Black twinberry – Lonicera involucrata

twinberry with yellow flowers and black fruits

At a Glance:

  • Family: Caprifoliaceae
  • Plant Type:  Deciduous erect shrub
  • Distribution: Primarily western North America, as far east as Montana, and the Great Lakes area.
  • Habitat: woods and wetland areas, near streambanks, and sandy coastal areas, low elevations
  • Height: up to 12 feet tall
  • Flower/Fruits:  Pair of yellow bell flowers with a brown-red bract at the base. Named for the pair of black berries that form opposite each other.
  • Flowering Season: April – August
  • Leaves: oblong-elliptic up to 14cm long, smooth on the upper side of the leaf, with coarse hairs on the underside.
  • Generation: perennial
  • Bark: newer stems can be a natural pale brown or smooth green, and quadrangular (four sides like a mint). Mature bark is gray-brown and peeling/shredding in places.
  • Notable feature: One of the few shrubs in the PNW that have oppositely branched stems and leaves.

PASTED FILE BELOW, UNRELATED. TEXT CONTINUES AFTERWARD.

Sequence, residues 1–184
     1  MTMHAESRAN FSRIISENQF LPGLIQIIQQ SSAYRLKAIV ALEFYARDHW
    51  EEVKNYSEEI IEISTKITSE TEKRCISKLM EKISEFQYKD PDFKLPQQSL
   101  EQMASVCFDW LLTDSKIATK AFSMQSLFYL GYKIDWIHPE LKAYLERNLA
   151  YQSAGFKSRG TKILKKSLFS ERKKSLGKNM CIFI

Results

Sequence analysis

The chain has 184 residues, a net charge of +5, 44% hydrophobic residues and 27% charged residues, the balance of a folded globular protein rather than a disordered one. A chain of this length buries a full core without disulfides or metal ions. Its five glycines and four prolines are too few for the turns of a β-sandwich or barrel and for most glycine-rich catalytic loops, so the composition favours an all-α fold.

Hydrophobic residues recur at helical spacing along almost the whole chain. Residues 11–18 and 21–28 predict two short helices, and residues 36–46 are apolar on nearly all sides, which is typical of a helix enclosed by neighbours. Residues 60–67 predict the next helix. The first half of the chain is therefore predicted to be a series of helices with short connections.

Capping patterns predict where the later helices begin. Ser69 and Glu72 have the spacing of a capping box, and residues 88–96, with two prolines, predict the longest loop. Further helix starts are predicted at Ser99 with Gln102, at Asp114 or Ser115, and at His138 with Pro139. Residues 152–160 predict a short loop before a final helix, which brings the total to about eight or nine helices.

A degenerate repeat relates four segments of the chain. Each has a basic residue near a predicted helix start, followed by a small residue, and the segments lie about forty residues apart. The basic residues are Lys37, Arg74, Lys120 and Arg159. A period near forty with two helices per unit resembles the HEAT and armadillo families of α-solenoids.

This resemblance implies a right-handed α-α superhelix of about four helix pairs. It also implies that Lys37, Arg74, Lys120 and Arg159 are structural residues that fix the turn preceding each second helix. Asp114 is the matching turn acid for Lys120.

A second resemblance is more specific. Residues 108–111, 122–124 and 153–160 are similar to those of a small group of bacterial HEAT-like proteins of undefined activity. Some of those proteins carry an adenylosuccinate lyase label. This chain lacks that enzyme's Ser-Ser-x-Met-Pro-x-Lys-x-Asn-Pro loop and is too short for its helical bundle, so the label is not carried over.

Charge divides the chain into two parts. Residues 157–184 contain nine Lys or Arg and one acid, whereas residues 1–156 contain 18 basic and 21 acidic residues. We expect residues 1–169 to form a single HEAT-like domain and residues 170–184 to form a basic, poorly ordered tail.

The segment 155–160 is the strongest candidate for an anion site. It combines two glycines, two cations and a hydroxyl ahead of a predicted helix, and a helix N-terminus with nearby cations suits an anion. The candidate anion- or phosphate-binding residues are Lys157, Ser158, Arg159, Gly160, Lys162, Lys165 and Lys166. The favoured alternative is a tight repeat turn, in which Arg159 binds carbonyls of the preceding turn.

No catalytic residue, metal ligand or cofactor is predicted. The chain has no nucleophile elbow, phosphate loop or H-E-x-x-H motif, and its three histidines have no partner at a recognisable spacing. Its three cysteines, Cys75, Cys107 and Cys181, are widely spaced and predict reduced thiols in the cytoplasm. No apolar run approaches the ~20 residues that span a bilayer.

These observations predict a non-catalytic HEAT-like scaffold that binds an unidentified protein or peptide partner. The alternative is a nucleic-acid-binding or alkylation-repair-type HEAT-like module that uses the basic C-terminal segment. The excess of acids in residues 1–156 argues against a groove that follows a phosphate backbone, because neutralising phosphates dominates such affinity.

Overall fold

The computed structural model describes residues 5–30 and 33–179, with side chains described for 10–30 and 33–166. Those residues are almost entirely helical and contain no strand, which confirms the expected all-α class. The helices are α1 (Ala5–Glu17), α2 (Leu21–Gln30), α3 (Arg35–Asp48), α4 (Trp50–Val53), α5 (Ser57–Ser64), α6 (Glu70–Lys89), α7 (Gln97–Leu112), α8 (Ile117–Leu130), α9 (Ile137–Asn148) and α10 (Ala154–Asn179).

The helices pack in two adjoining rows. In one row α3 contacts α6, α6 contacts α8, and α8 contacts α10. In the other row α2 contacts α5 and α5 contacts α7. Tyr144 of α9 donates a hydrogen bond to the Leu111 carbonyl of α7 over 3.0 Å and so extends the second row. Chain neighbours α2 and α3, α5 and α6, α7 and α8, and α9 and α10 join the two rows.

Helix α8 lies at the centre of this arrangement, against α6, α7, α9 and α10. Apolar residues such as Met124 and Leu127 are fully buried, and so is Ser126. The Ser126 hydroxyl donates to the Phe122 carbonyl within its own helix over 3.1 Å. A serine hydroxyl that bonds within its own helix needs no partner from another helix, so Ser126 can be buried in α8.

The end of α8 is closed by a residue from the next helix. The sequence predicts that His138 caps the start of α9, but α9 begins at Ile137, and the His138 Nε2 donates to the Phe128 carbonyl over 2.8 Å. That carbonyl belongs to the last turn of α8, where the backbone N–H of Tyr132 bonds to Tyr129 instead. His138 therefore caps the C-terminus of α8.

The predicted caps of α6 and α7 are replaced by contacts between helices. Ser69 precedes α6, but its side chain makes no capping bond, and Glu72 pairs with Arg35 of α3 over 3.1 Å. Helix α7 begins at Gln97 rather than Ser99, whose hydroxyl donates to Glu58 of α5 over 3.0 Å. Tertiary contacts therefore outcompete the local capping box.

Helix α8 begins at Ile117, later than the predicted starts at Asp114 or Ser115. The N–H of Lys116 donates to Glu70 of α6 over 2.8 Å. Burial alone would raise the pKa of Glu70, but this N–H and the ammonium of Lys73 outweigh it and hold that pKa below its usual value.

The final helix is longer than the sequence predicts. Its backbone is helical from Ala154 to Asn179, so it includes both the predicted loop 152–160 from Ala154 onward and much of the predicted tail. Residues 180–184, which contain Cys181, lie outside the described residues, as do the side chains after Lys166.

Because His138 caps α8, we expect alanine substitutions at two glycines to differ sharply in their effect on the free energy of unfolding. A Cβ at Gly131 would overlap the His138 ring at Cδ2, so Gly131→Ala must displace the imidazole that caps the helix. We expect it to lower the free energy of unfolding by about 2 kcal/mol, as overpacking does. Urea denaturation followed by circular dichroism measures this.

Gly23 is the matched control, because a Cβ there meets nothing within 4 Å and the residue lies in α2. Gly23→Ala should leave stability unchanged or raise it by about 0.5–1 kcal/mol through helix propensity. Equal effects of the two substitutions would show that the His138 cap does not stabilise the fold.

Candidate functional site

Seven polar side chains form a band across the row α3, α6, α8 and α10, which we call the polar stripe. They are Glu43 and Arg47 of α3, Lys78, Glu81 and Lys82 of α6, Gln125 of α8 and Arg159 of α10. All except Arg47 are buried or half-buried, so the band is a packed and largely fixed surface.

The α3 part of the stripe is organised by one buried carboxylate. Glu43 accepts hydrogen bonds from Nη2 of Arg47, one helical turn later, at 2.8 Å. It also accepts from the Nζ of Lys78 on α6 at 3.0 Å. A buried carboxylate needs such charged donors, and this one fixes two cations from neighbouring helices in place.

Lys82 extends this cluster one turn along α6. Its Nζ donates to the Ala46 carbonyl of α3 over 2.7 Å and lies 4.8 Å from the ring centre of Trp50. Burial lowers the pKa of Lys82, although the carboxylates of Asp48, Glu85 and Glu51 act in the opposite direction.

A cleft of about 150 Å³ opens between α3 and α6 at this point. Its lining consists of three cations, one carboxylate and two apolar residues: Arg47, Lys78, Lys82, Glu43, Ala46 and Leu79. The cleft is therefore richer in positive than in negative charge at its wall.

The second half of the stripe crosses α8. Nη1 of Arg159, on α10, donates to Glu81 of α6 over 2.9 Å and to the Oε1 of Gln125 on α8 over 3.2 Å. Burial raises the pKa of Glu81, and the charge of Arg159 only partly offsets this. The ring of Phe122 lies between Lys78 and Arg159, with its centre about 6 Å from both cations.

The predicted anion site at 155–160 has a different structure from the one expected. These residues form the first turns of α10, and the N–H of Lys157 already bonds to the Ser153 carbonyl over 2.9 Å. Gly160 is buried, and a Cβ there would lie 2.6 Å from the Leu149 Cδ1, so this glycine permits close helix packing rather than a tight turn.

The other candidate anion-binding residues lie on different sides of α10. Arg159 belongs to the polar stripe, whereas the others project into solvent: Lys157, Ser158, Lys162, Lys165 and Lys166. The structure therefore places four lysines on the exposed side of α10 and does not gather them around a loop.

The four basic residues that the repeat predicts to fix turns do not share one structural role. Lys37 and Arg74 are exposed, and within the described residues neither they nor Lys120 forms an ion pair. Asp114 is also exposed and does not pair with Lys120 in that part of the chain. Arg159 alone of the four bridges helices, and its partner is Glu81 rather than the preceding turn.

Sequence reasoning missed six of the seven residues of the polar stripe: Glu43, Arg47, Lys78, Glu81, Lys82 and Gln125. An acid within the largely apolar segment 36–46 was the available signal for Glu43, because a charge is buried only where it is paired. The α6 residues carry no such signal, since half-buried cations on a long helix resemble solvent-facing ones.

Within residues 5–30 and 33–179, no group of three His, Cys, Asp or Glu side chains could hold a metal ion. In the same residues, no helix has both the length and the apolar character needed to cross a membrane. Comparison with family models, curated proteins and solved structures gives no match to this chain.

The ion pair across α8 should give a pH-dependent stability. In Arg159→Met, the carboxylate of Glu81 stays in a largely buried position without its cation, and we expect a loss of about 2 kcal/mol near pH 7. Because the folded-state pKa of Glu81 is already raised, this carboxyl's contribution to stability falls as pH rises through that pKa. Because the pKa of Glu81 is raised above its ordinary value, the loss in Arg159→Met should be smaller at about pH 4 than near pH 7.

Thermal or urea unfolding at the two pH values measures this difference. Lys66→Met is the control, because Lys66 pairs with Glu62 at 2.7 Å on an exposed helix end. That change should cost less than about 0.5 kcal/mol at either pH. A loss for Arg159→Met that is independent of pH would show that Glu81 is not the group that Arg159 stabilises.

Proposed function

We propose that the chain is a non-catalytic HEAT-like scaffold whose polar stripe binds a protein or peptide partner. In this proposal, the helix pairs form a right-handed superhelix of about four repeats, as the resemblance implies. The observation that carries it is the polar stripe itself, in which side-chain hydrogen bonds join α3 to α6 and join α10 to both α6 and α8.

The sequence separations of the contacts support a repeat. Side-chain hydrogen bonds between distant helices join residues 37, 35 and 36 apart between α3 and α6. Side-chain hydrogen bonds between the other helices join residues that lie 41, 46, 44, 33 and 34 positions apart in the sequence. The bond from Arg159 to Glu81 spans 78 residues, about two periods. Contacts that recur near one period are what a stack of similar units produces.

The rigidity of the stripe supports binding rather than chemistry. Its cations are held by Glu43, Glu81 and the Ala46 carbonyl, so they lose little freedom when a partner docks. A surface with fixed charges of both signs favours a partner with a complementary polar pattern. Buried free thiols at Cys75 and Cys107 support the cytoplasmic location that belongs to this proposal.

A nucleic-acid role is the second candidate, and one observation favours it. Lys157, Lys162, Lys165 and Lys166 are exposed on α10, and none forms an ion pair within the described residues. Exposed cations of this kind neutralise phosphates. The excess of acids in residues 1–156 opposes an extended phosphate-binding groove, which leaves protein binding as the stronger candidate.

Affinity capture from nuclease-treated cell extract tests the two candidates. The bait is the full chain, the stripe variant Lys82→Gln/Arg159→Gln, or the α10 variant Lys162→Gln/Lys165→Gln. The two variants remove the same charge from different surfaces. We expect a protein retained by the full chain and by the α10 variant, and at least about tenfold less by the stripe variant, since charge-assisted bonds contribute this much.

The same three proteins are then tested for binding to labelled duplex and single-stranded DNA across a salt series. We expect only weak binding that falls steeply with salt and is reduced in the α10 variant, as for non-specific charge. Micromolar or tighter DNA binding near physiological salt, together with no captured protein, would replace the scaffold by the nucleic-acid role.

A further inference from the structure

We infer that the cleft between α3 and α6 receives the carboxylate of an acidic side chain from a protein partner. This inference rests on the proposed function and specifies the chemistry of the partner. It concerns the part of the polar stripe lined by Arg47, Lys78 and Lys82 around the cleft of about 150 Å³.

Restoration and Conservation

The tubular shaped flowers provide an important nectar source for hummingbirds, butterflies, and moths.  The berries are eaten by birds, small mammals, and bears. In restoration applications, Twinberry is a great shrub to plant along shorelines and help stabilize stream banks.


The berries may be poisonous and at the very least considered inedible. The plant was used in a variety of ways by Native Americans by using the leaves, berries, or bark as poultices or tea for various ailments.  The Quileute and Kwakwaka’wakw tribes used the berries for a black pigment, and the Haida used them for a black hair dye.

References and Resources

This article was written by Sarah Verlinde-Azofeifa. For questions regarding the EERC Native Plant Guided Tour, contact Sarah at